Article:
Advertising companies have brought a case against the minister of defense in what appears to be the first clear confrontation between Egypt’s business sector and the military’s economic projects.
Brewing for several weeks, the crisis centers on advertising contracts on Cairo’s ring road, namely a section where advertising investments are estimated to be worth around LE25 million.
The trouble began when the General Authority for Roads and Bridges annulled the permits of ad companies renting advertising space on the ring road. They were verbally informed that the authority was no longer responsible for advertising works on that part of the road, and companies wishing to continue advertising there should apply in a new auction organized by the military-owned National Service Project Organization (NSPO), on condition that they have “security clearance.”
In July 2014, NSPO head General Mostafa Amin Ali and Adel Salah, chair of the road authority’s board, signed two cooperation protocols.
The first stipulated that the road authority waived the right to license and manage ads on the ring road from the entrance of Field Marshal Tantawi Tunnel to that of Fatim Tunnel for 10 years. The NSPO would take on the authority’s role, with 60 percent of profits going to the authority and 40 percent to the NSPO.
The second protocol stated that the road authority waived the right to license and manage ads on the Tantawi and Fatim bridges, as well as their entrances and exits, for a period of 50 years — with the NSPO receiving 100 percent of profits.
The Chamber of Printing and Packaging Industries at the Federation of Egyptian Industries (FEI), a business collective representing advertising companies, then released a statement indicating that these protocols were in violation of the law stipulating that the General Authority for Roads and Bridges is not entitled to authorize other parties to deal with ad permits.
The statement said that although the protocols are not legal, the companies and agencies working on the ring road do not object to dealing with a different party for permits, “provided that this does not lead to an unjustified annulment of existing permits and payment of its dues.”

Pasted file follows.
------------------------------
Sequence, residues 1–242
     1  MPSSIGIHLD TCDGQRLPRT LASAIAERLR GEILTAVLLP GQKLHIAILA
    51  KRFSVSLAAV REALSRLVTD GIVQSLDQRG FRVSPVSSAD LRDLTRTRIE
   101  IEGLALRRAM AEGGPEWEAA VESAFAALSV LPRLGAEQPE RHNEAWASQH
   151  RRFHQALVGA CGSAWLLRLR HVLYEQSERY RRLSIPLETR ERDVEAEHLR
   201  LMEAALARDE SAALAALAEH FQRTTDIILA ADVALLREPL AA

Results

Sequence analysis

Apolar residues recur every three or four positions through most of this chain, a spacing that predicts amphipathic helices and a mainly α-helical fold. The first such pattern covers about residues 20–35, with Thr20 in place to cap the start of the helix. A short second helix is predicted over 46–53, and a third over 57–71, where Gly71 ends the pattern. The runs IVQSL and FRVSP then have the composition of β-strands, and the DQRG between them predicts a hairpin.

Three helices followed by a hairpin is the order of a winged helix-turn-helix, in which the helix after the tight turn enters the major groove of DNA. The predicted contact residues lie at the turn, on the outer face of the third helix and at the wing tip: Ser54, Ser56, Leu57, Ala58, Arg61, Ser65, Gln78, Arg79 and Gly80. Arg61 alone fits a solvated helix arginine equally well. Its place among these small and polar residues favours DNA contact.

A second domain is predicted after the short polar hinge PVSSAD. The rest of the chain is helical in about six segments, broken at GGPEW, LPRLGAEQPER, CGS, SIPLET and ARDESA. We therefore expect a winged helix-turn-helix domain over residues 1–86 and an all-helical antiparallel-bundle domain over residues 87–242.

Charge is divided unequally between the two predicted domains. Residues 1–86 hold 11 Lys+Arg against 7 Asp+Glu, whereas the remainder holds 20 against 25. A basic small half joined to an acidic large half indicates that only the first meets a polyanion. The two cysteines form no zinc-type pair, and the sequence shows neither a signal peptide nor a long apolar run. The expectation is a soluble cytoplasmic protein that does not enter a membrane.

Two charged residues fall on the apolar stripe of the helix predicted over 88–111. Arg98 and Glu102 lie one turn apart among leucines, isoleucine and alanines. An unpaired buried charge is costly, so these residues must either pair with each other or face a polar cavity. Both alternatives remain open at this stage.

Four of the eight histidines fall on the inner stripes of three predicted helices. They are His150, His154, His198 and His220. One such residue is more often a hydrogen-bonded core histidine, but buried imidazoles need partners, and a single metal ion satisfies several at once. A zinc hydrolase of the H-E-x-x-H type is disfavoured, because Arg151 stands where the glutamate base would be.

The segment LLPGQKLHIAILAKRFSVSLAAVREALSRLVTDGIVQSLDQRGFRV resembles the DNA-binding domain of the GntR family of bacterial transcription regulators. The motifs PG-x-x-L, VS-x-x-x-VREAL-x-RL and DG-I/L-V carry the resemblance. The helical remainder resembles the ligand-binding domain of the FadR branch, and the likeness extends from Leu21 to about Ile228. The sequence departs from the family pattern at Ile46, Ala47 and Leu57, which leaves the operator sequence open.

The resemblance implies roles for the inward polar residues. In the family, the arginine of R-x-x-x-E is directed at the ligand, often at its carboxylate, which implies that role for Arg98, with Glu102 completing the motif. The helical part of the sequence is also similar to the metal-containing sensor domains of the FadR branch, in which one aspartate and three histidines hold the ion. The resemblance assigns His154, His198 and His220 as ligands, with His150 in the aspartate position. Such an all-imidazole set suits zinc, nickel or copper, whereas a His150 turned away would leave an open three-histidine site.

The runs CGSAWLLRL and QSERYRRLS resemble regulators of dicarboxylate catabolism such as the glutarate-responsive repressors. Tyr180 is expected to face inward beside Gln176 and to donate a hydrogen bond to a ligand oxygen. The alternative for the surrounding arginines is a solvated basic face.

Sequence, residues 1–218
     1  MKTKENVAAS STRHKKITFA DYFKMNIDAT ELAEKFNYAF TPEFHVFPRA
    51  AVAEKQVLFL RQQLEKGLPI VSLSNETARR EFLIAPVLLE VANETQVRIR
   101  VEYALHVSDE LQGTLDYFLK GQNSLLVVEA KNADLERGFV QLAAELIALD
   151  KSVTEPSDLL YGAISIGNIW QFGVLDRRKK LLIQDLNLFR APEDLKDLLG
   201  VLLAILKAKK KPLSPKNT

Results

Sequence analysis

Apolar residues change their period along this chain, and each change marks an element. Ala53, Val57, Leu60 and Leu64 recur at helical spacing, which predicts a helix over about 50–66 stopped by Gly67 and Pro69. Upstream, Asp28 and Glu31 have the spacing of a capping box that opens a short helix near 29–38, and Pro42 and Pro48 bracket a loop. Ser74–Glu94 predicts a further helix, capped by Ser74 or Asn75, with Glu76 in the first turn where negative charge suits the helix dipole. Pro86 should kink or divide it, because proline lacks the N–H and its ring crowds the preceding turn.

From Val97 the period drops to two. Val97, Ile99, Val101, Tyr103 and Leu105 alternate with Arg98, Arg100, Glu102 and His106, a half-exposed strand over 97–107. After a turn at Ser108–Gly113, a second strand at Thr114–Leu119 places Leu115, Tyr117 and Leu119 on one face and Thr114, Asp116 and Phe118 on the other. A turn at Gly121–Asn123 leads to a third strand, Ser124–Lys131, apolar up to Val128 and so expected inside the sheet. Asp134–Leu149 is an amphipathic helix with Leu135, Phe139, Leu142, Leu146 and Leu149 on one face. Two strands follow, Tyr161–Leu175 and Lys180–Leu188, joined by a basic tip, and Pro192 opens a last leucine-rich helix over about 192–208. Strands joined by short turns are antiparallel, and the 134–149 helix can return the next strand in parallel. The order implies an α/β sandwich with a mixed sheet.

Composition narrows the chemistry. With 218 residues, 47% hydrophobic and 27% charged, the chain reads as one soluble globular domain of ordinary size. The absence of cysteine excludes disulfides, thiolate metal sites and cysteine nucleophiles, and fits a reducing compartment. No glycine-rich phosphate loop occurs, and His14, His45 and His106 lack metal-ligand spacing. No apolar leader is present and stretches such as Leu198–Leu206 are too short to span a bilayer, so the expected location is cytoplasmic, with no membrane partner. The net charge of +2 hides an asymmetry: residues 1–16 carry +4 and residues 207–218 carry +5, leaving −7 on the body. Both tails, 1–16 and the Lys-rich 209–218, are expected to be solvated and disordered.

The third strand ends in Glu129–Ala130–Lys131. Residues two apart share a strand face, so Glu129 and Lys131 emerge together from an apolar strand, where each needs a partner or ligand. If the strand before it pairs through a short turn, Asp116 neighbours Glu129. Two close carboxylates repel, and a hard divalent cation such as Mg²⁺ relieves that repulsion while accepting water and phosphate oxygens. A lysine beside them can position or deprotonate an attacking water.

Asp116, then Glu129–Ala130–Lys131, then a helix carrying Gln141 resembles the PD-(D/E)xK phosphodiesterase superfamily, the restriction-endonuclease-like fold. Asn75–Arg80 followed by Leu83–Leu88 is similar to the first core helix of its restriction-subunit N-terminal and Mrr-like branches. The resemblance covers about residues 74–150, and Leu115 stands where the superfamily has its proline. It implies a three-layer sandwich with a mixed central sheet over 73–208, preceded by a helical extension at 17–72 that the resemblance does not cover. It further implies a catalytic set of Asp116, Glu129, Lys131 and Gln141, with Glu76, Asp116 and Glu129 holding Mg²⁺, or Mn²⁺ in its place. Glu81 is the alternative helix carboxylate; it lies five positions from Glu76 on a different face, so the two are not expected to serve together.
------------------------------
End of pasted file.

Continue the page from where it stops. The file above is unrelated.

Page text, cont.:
The problem arose when the roads authority, which until then had been responsible for licensing companies and collecting dues from them, committed itself to not renewing permits for any company or ad agency in the specified area.
The rights of the originally licensed companies have been violated, “threatening them with collapse and bankruptcy,” the statement reads, “not only because of immediate damage resulting from removal of their ads, but also because companies advertising through them require that the penalty clauses in the contracts between those companies and their clients be implemented.”
One company owner told Mada Masr that eight companies managing 35 advertisements in the area are affected. These permits, which do not expire until 2015, cannot be annulled except by a court order, he added.
The affected companies and the advertisement department obtained an administrative court ruling to stop the scheduled auction due to its illegality, and annul all its consequences.
“We were surprised though,” the owner said, “to receive a phone call from General Adel Morsi, assistant to the minister of defense, informing us that the auction would take place as planned. And in fact it did take place, but its results have not been announced.”
Despite receiving a court order on September 9 to cancel the auction and its results, they had postponed it instead.
The road authority had refused to provide companies participating in the auction with the conditions of tender until they obtained security clearance, which resulted in the exclusion of several companies.
Ashraf Khairy, head of the advertising department at the Chamber of Printing and Packaging Industries, told the Borsa newspaper in September that the chamber will call for a general assembly meeting to decide what steps, if any, to take with regard to the 14 companies that participated in the auction, among them the Tarek Nour Company, one of 10 companies with franchise advertising on the ring road.
No advertising agency affiliated to national press institutions participated in the auction or joined the lawsuit filed by the eight companies affected by the cancellation.
“We will file a lawsuit against the minister of defense, the head of the NSPO, the minister of transport and the chair of the road authority’s board for refusing to implement a court ruling,” the company owner told Mada Masr.
But Khairy was more conciliatory. He told Mada Masr that a delegation from his department met with the assistant to the defense minister in an attempt to resolve the situation.
“They asked us to prepare possible solution scenarios,” he said. “We’re supposed to meet with General Mostafa Amin, head of NSPO, and hope to reach a solution.”
The military holds a large share of Egypt’s economy, and economic commentators have suggested that military industries and military-associated companies have unfair advantages over other businesses.
Numerous Egyptian companies are NSPO-affiliated, including MP for Engineering Projects, Consultancies and General Supplies, established in May by Ibrahim Younis, a recent minister of military production. It enjoys financial and administrative independence, and one activity in its broad remit is advertising.
Other NSPO-affiliated companies include El Nasr Company for Intermediate Chemicals, the Arish Cement Company, the National Oil Production Company, the National Company for Production and Bottling of Natural Water (SAFI), the Macaroni Queen Company, the National Company for Land Reclamation and Agriculture, El Nasr for Services and Maintenance (Queen Service), the Upper Egypt Company for Agricultural Industry and the Linoleum Production Factory. The food security department is also affiliated to the NSPO.